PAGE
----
How to Replace an Old House's Intercom System
As households become less reliant on a hard-wired phone system and more dependent on cellular phones, a wireless home intercom system makes sense. If you don’t require landline phones, why integrate your in-home communications with that redundant technology?
Things You Will Need
- 9-Volt battery
A five-channel wireless intercom system can provide communication with five units and one or two doorbell units.
Prepare the first console and antenna. Pull the antenna out from the bottom of the case and point it straight up.
Locate your five consoles. The kitchen is the obvious first location. Children’s bedrooms, a den and the garage could be good locations. Plug the consoles into a nearby power source.
Mount the doorbell units. Insert a fresh battery into the units. Use the mounting plate and pencil to mark the screw locations. Try to keep the units out of direct weather. Attach the mounting plate to the wall with the screws. Tilt the doorbell unit into the mounting plate and secure it with the locking screw underneath. Don’t tighten it yet.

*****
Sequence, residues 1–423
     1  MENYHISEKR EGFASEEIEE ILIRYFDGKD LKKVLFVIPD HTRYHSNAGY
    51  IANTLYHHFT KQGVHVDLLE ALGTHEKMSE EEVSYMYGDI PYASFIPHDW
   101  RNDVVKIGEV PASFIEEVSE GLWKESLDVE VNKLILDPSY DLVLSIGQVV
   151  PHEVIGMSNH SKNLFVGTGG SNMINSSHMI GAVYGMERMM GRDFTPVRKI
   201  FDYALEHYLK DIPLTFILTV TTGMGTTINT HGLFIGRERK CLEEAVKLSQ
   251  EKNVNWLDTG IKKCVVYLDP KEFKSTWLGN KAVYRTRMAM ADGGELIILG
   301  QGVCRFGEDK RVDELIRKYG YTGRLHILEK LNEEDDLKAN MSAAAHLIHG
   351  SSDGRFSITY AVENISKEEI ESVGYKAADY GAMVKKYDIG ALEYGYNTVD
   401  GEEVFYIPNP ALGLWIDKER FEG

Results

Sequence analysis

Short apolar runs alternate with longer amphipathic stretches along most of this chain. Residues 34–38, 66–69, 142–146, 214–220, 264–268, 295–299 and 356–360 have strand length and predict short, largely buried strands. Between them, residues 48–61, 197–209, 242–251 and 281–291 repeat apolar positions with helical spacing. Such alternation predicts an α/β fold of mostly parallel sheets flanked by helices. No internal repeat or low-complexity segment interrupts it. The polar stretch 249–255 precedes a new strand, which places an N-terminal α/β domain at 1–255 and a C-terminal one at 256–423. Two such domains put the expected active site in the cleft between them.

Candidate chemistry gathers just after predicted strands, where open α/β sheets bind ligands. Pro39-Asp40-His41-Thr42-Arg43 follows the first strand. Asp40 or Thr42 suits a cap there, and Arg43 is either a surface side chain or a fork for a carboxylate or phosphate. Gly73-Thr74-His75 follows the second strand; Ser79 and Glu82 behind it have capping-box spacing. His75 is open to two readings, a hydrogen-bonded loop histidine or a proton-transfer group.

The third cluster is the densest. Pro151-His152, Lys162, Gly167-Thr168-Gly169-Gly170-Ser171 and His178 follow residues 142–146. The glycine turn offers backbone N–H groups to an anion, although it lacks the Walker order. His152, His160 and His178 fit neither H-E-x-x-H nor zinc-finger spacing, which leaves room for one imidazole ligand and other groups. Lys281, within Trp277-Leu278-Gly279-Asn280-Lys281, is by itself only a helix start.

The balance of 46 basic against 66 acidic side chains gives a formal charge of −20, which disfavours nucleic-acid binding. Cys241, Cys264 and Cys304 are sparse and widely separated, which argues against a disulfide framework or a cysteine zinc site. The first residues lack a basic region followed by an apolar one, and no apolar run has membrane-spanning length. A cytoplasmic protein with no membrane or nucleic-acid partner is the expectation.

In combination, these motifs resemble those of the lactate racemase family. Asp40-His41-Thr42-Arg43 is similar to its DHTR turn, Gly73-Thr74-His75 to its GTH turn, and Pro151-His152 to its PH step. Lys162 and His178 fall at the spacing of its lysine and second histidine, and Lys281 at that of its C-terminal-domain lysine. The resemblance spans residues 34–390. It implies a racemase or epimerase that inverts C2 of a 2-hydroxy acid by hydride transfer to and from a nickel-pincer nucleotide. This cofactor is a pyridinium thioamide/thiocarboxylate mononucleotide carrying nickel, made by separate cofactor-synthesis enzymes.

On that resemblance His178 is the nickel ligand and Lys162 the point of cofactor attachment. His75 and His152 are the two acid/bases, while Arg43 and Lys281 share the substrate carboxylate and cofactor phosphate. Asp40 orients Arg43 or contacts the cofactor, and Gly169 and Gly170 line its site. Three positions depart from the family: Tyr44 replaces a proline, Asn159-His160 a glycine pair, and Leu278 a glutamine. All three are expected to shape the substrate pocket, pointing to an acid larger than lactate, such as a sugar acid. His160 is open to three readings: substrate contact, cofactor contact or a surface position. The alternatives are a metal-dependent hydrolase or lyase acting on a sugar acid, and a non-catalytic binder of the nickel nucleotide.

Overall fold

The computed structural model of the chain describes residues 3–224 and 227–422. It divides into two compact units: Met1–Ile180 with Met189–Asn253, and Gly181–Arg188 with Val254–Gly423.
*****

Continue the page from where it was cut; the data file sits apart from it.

Wall mount or simply place the other consoles on a table. To wall mount the console, route the power supply behind the unit. Use the template that came in the instruction manual and mark the mounting screw locations on the wall. Drive the screws in leaving about 1/4 inch exposed. Mount the consoles on the screws. They just slide on.
Switch the consoles on and test the system. Press the doorbell button and all the consoles should chime. You will need a buddy to help you with this. Respond to the doorbell caller by pressing and holding the Talk button on the console. Adjust the volume on the doorbell as necessary. The adjustment is on the back. When you’ve got it right, tighten up the locking screw.
Test console-to-console calling. Press a console button and then press and hold the Talk button. Wait for the beep and speak. One of the receiving consoles station indicators will light up to show which station called and sound the message. Respond by pressing and holding the Talk button.
Label the station indicator lights and buttons with the location of the consoles.
Remove the old redundant equipment and discard.
Patrick Nelson has been a professional writer since 1992. He was editor and publisher of the music industry trade publication "Producer Report" and has written for a number of technology blogs. Nelson studied design at Hornsey Art School.